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Rosa E. Raudales, Tracy A. Irani, Charles R. Hall and Paul R. Fisher

with chemical and physical characteristics of water. Considerable research has been undertaken by plant pathologists on the efficacy of water-treatment technologies for controlling waterborne pathogens ( Raudales, 2013 ). However, investigation has

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Sarah A. White

special sessions were to 1) provide perspectives related to water use by nursery and greenhouse producers and information on how to facilitate grower decision making; 2) detail various practices and treatment technologies that can help to manage nutrient

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Alexa J. Lamm, Laura A. Warner, Peyton Beattie, Abraham Tidwell, Paul R. Fisher and Sarah A. White

water and capture and reuse runoff ( Bixio et al., 2006 ). This study focuses on how greenhouse and nursery growers are implementing water treatment technologies when managing their water resources. Water treatment has been described by Raudales et al

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Sarah A. White

intermittent), all factors affecting nutrient load in irrigation runoff. Constructed wetland systems provide consistent contaminant removal while being both low maintenance and lower in cost than alternative nutrient treatment technologies ( White et al., 2010

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Eric R. Rozema, Robert J. Gordon and Youbin Zheng

Certain ions such as Na+ and Cl can accumulate in recirculating greenhouse nutrient solutions and can reach levels that are damaging to crops. An option for the treatment of this problem is phytodesalinization with Na+ and Cl hyperaccumulating plants that could be added to existing water treatment technologies such as constructed wetlands (CWs). Two microcosm experiments were conducted to evaluate eight plant species including Atriplex prostrata L. (triangle orache), Distichlis spicata (L.) Greene (salt grass), Juncus torreyi Coville. (Torrey’s rush), Phragmites australis (Cav.) Trin. ex Steud. (common reed), Spartina alterniflora Loisel. (smooth cordgrass), Schoenoplectus tabernaemontani (C.C. Gmel.) Palla (softstem bulrush), Typha angustifolia L. (narrow leaf cattail), and Typha latifolia L. (broad leaf cattail) for their Na+ and Cl accumulation potential. An initial (indoor) experiment determined that J. torreyi, S. tabernaemontani, T. angustifolia, and T. latifolia were the best candidates for phytodesalinization because they had the highest Na+ and Cl tissue contents after exposure to Na+ and Cl-rich nutrient solutions. A second (outdoor) experiment quantified the Na+ and Cl ion uptake (grams of each ion accumulated per m2 of microcosm). J. torreyi, S. tabernaemontani, T. angustifolia, and T. latifolia accumulated 5.8, 3.9, 8.3, and 9.2 g·m−2 of Na+ and 25.7, 18.2, 31.6, and 27.2 g·m−2 of Cl, respectively. Of the eight species, T. latifolia and S. tabernaemontani showed the greatest potential to accumulate Na+ and Cl in a CW environment, whereas S. alterniflora, D. spicata, and P. australis showed the least potential.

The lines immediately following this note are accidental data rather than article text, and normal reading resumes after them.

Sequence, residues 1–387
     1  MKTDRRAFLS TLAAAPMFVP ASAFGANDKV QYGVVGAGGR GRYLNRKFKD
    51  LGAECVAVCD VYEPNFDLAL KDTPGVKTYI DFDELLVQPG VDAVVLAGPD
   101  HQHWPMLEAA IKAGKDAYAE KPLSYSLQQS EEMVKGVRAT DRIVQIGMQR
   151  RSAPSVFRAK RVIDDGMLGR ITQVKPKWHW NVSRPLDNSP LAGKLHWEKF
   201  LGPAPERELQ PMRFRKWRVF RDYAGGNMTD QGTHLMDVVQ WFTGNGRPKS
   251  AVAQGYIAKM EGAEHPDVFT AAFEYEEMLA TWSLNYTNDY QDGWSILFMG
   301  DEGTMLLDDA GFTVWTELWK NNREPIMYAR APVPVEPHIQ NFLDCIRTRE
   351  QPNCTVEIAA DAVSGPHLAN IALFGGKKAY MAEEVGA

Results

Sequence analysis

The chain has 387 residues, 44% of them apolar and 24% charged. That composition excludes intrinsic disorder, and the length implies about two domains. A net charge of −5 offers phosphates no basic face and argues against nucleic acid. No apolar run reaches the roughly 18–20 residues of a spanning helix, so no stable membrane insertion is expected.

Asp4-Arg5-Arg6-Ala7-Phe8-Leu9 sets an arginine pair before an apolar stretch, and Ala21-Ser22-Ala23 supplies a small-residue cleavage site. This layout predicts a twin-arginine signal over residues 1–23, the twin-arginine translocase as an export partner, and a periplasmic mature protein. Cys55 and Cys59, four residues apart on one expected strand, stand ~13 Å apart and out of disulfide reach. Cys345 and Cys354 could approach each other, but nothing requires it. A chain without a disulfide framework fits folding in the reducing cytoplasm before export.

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Garrett A. Ridge, Natasha L. Bell, Andrew J. Gitto, Steven N. Jeffers and Sarah A. White